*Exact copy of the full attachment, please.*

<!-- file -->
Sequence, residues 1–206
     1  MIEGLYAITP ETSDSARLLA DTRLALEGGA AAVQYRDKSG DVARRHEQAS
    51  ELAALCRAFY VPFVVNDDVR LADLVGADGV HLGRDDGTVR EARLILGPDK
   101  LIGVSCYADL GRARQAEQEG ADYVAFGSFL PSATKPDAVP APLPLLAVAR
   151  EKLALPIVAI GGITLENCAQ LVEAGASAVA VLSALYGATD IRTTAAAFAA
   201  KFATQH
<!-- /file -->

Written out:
Sequence, residues 1–206
     1  MIEGLYAITP ETSDSARLLA DTRLALEGGA AAVQYRDKSG DVARRHEQAS
    51  ELAALCRAFY VPFVVNDDVR LADLVGADGV HLGRDDGTVR EARLILGPDK
   101  LIGVSCYADL GRARQAEQEG ADYVAFGSFL PSATKPDAVP APLPLLAVAR
   151  EKLALPIVAI GGITLENCAQ LVEAGASAVA VLSALYGATD IRTTAAAFAA
   201  KFATQH